Nationally, as of January, employment has grown for 76 consecutive months, a new record, and output grew at a modest 1.6% rate, Elvery said. “It is expected in 2017 that growth will actually be faster than it was in 2016, more in the range of 2%,” he continued. Inflation is expected to grow at a 2% rate.

Last year was “difficult” for the Youngstown area economy, he said. Between June 2015 and June 2016, the region shed 1,700 jobs. “Part of what happened was that the steel industry had a very difficult year, due to cheap imports and declines in the [oil and gas] extraction sector,” he said.

Vallourec Star, which manufactures pipe for the oil and gas industry, laid off workers at its Youngstown mill and Exterran Energy Solutions Inc. shuttered its plant in the city, where it manufactured compressor stations and other equipment for companies exploring the Marcellus and Utica shale plays.

“In the last few months we’ve seen more growth in extraction as well as changes in the steel tariffs, and so steel producers are very optimistic for 2017,” Elvery said. “That should translate into a better 2017 for Youngstown.” Moody’s projects the local economy should grow 1.4% this year and employment about 0.2%, he noted.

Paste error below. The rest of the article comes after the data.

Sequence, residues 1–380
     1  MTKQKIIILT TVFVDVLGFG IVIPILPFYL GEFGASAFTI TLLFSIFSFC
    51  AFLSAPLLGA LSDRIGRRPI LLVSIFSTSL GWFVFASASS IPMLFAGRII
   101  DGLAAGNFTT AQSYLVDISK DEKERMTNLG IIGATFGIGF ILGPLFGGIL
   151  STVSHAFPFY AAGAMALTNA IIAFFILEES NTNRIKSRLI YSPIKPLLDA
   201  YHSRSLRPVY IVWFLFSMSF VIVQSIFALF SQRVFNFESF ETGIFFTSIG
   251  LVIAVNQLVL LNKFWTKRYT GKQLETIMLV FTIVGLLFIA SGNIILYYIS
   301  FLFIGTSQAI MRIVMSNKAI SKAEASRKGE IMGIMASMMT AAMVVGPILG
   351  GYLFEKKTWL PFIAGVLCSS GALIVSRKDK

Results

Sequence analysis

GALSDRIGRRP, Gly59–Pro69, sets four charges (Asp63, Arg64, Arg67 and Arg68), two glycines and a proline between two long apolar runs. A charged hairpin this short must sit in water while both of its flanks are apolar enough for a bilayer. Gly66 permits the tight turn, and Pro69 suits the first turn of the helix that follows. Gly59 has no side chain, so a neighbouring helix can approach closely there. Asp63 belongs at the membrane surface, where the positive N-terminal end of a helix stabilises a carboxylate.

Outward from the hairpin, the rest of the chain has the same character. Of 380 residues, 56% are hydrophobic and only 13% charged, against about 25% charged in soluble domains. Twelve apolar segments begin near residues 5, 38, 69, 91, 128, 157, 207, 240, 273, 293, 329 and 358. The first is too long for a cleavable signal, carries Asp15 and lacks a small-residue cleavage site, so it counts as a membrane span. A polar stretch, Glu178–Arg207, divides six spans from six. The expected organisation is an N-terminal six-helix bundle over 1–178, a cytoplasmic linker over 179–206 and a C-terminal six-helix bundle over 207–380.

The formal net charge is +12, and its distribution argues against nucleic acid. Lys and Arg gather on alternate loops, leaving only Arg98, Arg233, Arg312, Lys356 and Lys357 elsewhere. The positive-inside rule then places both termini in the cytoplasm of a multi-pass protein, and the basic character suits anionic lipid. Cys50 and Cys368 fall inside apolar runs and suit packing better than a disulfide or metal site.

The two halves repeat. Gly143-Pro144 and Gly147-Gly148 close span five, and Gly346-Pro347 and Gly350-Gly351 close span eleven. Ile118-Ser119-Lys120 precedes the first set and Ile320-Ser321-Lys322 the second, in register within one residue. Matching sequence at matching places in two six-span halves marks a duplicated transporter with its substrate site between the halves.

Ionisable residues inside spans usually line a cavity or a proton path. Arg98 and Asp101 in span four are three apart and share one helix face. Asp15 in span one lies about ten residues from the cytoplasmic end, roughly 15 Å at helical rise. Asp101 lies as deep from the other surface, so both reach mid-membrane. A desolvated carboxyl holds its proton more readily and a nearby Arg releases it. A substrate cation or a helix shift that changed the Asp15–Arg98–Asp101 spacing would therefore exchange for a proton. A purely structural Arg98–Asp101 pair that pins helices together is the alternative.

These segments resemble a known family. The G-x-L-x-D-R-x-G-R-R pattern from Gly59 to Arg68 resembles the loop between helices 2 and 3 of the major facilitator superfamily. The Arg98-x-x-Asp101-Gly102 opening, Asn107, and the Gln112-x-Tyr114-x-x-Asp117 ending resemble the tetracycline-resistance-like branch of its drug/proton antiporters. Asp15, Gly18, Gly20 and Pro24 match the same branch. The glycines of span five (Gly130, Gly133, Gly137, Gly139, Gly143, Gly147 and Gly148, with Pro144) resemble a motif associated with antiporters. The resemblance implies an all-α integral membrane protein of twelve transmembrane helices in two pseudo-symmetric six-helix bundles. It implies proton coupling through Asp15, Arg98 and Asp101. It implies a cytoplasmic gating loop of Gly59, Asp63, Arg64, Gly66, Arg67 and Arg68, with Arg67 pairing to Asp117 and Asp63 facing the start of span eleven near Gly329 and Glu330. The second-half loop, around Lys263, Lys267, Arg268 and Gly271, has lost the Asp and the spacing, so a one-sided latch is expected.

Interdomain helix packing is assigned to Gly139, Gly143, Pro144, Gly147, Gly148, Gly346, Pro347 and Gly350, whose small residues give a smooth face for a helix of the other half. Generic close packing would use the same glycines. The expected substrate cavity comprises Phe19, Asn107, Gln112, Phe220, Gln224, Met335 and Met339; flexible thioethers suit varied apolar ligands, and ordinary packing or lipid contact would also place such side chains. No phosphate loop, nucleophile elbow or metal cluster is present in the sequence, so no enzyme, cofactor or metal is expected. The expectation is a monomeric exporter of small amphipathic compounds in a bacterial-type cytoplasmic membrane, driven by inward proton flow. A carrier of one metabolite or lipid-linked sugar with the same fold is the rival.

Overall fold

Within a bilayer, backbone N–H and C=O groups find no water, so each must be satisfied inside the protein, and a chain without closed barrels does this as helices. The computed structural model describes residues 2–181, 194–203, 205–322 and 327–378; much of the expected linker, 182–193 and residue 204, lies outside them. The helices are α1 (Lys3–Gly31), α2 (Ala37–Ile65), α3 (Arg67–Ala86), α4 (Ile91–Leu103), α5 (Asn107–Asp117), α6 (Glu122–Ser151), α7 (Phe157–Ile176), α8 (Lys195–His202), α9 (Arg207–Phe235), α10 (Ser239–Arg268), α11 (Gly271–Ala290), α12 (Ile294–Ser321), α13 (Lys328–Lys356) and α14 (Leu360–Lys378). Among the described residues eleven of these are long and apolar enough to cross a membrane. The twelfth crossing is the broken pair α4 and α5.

The region is likely to see a continued slow recovery this year, Cwiklinski agreed, but he hoped the policies of President Trump’s administration “will help that continue along.”

Trade “was a big issue during the election and it does speak directly to this area,” he said. “There’s a lot of argument whether trade policies have been good or bad for manufacturing,” he said. “But it’s hard to argue that manufacturing hasn’t had a rough road, especially since 2000.”

He also expressed caution about the tariff Trump has mentioned as a way to rebuild American manufacturing and “level the playing field” with some U.S. trading partners.

“Trade wars are not fun for anybody,” he cautioned. “They can be highly inflationary.”

During the event, the chamber provided an update on its economic development efforts. In 2016, the chamber was involved with projects that represent $1.01 billion in value, resulting in 828 new jobs and new annual payroll of $35.73 million. The projects accounted for 1,084 retained jobs and retained payroll of $43.78 million.

A video shown at the breakfast highlighted those results as well as several local projects that got underway last year, including the Lordstown Energy Center in Lordstown and the Joseph Co. International’s $20 million chill-can manufacturing plant and research center on the east side of Youngstown.

This year, the chamber is managing 24 projects for a potential cumulative investment of $1.9 billion in the manufacturing, warehouse/distribution and professional and technical services sectors, Sarah Boyarko reported. “The forecast for 2017 is promising,” she stated.

Boyarko is chamber senior vice president for economic development.

Pictured: Ron Kessler, president and CEO of Boardman Molded Products, was presented the chamber and Magnet’s inaugural Excellence in Manufacturing Award.